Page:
09 Feb 5 Questions with Zaron Burnett III, creator and host of Black Cowboys podcast
Telling the underrepresented stories of Black Cowboys: Podcast creator Zaron Burnett III shares fascinating true stories during Feb. 17 lecture at Eiteljorg
By Brooke Sullivan, Eiteljorg marketing and communications intern
Zaron Burnett III, creator and host of the Black Cowboys podcast on iHeartRadio will speak about his life and work at the Eiteljorg’s annual Leon Jett Memorial Lecture at 6 p.m. Thursday Feb 17. Burnett, who started his career in Hollywood as a screenwriter, is now an investigative journalist, long-form feature writer, essayist and podcaster. As a staff writer for MEL magazine, he writes about a range of topics including, crime, culture, politics and race.
Raised with the remarkable stories of Black cowboys, Burnett shares them now in his podcast in the hope of people learning a “bigger, bolder, and braver story of America.” In anticipation of the upcoming lecture, Burnett sat down with the Eiteljorg and answered a few questions.
What prompted you to start sharing the stories about Black cowboys that you yourself were raised with?
“…iHeartRadio reached out to me about doing a podcast, and I pitched them the idea of Black Cowboys. I explained that I had a very personal connection to the material because my father told me these (accounts of Black cowboys) as bedtime stories. I know firsthand how much it helped me know about the past of Black people and to have a proud connection…. I had an idea of free Black people existing in America, and I wanted other people to have that same understanding and sense of pride and the same sense of place…”
What kind of reaction have you received from regular listeners of the podcast?
“It has been predominantly positive. I’ve got a couple of people who are just, you know, mad and sour-faced. But for the most part, the emails and messages I received have been nice… Some people had told me how much it meant to them to be able to drive across the country and share these stories with their families while they’re driving, (with their) young children who were seeing that land and hearing these stories at the same time… So, I was very touched by the fact that it connected with so many people and also made a lot of people curious to learn more, which ultimately was my greatest hope.”
How has your background as a journalist shaped your approach to creating this podcast?
“I was a screenwriter before I was a journalist. So I learned how to tell a story through Hollywood, the three-act structure, and all the expectations of the hero’s journey and those classic archetypes of storytelling. And then, I became a journalist, and I learned the responsibilities of the journalists, and how the storytelling structure is slightly different. So then combining those two for the podcast, I wanted it to feel like an audio movie, but I wanted to have the responsibility of journalists so that all of the facts were checked, everything was correct…. So basically, it was a synthesis of my two past writing cells that make up the podcast.”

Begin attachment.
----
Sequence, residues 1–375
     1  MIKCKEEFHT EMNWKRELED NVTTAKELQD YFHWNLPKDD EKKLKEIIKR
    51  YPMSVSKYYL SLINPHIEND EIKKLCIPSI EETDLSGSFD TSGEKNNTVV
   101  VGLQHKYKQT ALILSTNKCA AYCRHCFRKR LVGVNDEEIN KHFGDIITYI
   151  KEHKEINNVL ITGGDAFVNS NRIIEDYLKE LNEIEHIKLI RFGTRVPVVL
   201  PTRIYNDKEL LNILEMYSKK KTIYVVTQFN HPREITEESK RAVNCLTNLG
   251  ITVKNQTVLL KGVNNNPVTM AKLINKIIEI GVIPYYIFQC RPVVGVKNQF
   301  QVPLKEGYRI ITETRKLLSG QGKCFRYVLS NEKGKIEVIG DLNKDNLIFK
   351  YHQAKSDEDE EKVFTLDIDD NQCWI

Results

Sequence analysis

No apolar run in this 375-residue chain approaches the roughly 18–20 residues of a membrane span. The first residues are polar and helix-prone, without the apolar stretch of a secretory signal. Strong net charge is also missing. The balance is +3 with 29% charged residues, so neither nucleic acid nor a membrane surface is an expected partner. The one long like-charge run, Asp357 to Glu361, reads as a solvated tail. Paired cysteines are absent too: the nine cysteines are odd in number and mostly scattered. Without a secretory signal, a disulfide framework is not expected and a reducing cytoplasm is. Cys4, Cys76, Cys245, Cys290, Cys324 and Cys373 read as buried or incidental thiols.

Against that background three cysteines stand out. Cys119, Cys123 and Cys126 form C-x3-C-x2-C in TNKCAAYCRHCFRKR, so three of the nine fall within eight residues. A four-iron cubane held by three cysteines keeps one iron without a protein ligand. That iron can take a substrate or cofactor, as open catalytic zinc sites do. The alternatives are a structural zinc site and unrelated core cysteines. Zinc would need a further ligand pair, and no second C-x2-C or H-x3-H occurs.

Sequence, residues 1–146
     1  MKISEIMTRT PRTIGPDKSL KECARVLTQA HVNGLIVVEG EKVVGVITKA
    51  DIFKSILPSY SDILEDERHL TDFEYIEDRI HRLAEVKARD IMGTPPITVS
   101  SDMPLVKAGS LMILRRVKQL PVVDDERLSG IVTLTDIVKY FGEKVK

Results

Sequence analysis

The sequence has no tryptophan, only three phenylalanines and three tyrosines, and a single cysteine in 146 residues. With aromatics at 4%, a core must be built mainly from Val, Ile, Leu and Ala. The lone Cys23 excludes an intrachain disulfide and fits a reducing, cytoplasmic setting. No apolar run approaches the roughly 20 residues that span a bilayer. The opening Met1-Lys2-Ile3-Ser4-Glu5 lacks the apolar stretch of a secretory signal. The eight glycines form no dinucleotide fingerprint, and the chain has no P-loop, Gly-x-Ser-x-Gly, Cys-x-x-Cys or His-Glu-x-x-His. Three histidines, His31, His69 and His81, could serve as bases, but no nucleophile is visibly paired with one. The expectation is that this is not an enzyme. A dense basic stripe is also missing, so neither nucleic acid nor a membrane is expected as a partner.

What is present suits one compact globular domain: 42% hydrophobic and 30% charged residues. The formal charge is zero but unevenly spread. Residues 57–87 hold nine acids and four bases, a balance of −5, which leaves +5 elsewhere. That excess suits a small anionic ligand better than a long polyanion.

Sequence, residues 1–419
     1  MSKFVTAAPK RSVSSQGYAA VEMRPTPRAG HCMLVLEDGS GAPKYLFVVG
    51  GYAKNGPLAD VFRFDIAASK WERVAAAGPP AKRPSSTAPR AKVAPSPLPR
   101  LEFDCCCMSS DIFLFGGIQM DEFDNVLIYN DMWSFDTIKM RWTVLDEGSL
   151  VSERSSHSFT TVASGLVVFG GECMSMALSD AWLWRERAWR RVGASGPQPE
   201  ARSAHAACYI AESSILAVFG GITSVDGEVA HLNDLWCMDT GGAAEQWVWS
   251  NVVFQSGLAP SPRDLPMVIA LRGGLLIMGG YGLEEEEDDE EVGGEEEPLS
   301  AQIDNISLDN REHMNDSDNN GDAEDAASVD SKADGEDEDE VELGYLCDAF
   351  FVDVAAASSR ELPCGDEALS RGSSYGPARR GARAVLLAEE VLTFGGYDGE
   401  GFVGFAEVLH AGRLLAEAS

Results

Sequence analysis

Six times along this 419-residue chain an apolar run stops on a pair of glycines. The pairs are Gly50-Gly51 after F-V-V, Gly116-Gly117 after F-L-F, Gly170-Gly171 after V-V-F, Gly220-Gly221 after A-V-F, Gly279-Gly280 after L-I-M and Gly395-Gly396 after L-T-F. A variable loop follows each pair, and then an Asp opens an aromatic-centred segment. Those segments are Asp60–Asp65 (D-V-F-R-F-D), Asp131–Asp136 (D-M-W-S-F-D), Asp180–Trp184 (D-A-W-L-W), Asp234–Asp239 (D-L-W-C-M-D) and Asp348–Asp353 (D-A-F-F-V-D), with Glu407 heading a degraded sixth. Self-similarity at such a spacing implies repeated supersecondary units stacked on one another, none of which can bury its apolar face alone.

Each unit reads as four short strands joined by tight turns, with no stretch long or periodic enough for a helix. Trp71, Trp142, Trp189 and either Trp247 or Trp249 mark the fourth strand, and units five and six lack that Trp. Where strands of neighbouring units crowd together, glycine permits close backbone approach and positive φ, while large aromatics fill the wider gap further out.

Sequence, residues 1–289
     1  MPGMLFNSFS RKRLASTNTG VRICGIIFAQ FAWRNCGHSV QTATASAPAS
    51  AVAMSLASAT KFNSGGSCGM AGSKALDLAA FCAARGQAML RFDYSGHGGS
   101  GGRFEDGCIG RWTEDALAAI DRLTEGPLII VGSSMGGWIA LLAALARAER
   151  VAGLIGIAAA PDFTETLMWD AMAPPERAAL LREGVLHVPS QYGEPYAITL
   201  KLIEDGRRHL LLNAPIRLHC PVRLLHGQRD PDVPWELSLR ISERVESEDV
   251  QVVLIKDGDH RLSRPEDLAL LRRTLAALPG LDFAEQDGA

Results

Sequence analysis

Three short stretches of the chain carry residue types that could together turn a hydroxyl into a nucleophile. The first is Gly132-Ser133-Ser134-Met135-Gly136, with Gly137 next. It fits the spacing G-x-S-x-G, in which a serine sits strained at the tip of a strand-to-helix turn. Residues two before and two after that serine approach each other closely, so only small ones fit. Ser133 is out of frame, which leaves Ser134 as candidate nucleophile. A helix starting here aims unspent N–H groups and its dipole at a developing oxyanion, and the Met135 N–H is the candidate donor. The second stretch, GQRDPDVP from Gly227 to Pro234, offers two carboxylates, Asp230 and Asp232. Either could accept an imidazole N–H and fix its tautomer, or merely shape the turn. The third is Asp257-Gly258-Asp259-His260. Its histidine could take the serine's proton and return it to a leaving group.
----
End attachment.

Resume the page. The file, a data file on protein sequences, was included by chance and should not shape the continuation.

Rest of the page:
What do you hope the audience members will take away from your upcoming lecture?
“I would hope audience members would take away a better, bigger, bolder, braver story of America that exists and is here. We must connect to it because it tells us who we are and how we can be our best selves — because we can see how people have overcome things of the past, identify with them, and understand that the challenges we face now are nothing new.”
So what is next for you and your podcast? Or are there any new projects on the horizon?
“On Feb. 15, I have a new show launching with my co-host Elizabeth Dutton. It is called Ridiculous Crime, and we will tell stories about ridiculous crimes to each other. The stories are outlandish, like imagine a 16-year-old boy who breaks into a luxury car dealership and steals Guy Fieri’s bright, yellow Lamborghini, and does this to impress a girl at his high school? Those are the types of stories we will tell. Then we’re talking about a possible season 2 for Black Cowboys. However, it may be a different set of Black historical figures… It may not be Black cowboys, in particular, (but instead) Black explorers, Black mariners or Black aviators”
Bonus Question: Does the lack of representation in Hollywood contribute to the lack of awareness of Black cowboys?
“I would say it is a major root cause, because often when people imagine history, it is based on the movies, and TV shows… We believe that these stories are being packaged honestly. So, when you see an all-white West, you don’t question that that maybe isn’t accurate, and since you know history is not respectfully and honestly taught in public schools, our cultural understanding comes from movies, TV shows, and so forth…but it is a shame that we don’t tell the stories of this country, because the stories of this country are compelling.…”
Responses have been edited for length and clarity.
Join us at the Eiteljorg at 6 p.m. Feb 17 for the Leon Jett Memorial Lecture, featuring Zaron Burnett III. One of a series of spring lectures at the Eiteljorg, this lecture honors Leon Jett, the Eiteljorg’s former manager of public programming who sought to create diverse multicultural programs. The lecture is offered at an affordable discounted rate: Museum members are $10, non-members are $15. To purchase a ticket visit Eiteljorg.org/Events.
Listen to Zaron Burnett’s Black Cowboys podcast here: https://www.iheart.com/podcast/1119-black-cowboys-77440172/
Zaron Burnett’s Recommended Reading List:
- “Black Indians” by William Loren Katz
- “Black Gun Silver Star” by William Loren Katz
- “Black Cowboys in the American West” by Glasrud, Searles, and Broussard
- “Black Cowboys of the Old West” by Tricia Wagner
- “A Land So Strange” by Professor Andres Resendez
- “Bill Pickett Bulldogger” by Bailey C. Hanes
- “Stagecoach Women: Brave and Daring Women of the Wild West” by Cheryl Mullenbach